Thursday, September 10, 2009


When I was a young child, I would wake up on Saturday mornings to the smell of sawdust and the rhythmic shrill of a radial saw steadily keeping a bass line tempo with alternating hammer beats. While this wasn’t the beginning of any new contemporary music breakthrough, it became the constant Saturday sound and smell I could rely on every Spring and Summer.

This was my father working in the garage… on something. Usually he wasn’t building anything massive. The three largest projects he took on were the backyard patio, the built-in book shelving and a desk, which I still cherish.

He wasn’t a carpenter by trade. But he was a carpenter of life. What he was ultimately doing was he was building a foundation for himself to escape the stress of daily work life, while saving hard-earned money by ‘doing things himself.’ It was much more economical to build something with his hands rather than pay full retail for a finished product. But it was even more than that. I had learned it was about the pride of accomplishment, doing something that was challenging and taking on the task of completing something from dreams and imagination to final, tangible reality.

I often think about his work, every time I walk into a home improvement store and step into the lumber aisle. The aroma is a nostalgic one that takes me back to many a memorable Saturday. And it’s not so much about the actual craft of woodworking, as much as it is doing things the old-fashioned way, from scratch.

My father’s method to his madness wasn’t even about ‘creating something better’ or any perfectionist type of drive, it was for the mere satisfaction of a job well done all in a good day’s work. His reward was kicking back with a beer after the day was done to celebrate the outcome of completing what he started. There was something great about this.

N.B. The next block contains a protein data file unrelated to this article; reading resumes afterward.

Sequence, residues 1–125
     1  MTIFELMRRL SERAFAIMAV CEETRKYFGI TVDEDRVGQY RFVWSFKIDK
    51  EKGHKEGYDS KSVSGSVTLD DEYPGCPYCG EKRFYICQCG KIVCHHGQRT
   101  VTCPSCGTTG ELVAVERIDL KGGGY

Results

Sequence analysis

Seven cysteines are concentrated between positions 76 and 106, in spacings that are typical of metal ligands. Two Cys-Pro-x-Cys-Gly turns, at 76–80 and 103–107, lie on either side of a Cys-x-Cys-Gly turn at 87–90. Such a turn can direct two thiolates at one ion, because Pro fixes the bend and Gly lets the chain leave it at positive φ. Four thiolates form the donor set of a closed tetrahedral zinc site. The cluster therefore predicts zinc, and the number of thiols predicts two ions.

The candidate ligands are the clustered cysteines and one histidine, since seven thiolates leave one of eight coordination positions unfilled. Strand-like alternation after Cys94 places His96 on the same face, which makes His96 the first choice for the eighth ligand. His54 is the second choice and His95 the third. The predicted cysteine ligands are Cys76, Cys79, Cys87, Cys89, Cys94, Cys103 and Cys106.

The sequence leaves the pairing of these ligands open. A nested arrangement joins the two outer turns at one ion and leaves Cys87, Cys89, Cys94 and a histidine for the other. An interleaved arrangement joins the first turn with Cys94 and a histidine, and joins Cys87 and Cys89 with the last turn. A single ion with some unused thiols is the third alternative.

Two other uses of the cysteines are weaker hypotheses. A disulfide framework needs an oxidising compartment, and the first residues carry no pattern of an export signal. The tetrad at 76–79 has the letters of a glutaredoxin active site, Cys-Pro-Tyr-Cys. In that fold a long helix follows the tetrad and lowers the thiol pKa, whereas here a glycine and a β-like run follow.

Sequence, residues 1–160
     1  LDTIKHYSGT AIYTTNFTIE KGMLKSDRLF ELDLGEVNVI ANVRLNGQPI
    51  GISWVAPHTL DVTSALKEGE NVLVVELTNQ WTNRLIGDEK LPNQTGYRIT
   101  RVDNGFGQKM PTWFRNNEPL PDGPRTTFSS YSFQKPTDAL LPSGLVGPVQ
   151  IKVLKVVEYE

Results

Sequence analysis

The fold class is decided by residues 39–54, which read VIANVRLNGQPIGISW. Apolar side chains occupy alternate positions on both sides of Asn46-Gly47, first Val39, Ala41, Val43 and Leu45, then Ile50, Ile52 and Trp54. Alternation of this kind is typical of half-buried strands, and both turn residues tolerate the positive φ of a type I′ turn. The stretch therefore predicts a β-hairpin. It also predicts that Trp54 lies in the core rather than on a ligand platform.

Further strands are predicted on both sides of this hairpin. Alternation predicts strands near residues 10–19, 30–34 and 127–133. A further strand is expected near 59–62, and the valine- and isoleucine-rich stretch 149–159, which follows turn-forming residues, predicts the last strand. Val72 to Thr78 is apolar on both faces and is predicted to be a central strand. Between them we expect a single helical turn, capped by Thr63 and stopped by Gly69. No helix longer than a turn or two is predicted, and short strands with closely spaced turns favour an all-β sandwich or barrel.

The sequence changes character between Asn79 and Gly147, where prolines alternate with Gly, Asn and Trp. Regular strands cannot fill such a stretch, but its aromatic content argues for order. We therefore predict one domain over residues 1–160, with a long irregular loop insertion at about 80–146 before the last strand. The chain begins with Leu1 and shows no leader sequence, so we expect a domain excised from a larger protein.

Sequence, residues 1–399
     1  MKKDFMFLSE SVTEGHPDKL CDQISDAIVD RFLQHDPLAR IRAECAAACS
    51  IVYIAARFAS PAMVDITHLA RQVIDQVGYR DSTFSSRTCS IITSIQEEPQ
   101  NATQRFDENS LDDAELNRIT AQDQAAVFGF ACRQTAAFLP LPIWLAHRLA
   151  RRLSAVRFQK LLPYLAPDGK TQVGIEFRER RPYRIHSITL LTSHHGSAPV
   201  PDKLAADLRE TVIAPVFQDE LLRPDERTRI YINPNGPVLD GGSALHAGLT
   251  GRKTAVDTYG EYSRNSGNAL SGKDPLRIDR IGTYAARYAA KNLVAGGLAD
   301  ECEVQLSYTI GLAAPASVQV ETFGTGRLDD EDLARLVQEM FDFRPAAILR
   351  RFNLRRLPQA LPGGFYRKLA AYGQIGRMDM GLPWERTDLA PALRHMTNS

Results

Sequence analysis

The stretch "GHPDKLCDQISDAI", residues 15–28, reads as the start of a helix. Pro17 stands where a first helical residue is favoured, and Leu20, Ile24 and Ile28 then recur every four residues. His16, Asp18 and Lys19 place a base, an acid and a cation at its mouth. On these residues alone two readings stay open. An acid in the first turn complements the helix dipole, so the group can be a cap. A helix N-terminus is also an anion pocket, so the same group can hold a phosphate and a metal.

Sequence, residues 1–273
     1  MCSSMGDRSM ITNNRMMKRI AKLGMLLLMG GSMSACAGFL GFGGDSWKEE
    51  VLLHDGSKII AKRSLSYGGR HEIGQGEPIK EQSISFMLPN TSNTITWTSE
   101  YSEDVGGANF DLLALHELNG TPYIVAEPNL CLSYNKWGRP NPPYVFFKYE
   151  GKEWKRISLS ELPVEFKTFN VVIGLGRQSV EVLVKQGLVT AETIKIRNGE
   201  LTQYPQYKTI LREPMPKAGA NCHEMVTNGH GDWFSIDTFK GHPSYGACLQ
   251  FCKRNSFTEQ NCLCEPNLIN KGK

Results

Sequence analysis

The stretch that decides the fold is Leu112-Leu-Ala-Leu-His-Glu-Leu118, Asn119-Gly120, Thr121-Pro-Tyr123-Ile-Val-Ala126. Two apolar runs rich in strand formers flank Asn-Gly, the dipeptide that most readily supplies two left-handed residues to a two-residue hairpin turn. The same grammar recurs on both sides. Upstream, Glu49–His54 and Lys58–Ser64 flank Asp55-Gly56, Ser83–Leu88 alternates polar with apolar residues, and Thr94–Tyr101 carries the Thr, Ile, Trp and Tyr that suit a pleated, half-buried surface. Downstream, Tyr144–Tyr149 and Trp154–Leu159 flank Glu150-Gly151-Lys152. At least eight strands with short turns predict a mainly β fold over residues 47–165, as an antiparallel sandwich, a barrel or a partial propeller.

I’ve gone through my life knowing a lot of half-assed carpenters. My father was not one of them. And it is because of him, neither am I….

1) Finish what you start.

2) Get closure by doing.

3) Get satisfaction by being…. Part of the woodwork.

4) Build a solid foundation.

5) Create a sturdy frame.

6) Don’t worry about splinters… they only help you remember why you are doing what you are doing in the first place.

7) Make your own house a home by what you build it with.

8) Then decorate your life with the fine memories you make by the experiences you fill your life and home with.

Woodwork. It’s a beautiful thing. Once you nail it, you’ve discovered what the real beauty of life is all about: something you build yourself.

~Queena Verbosity~

© 2009 Queena Verbosity 100% Real Words

Media Monster Communications, Inc.
Stacey Kumagai

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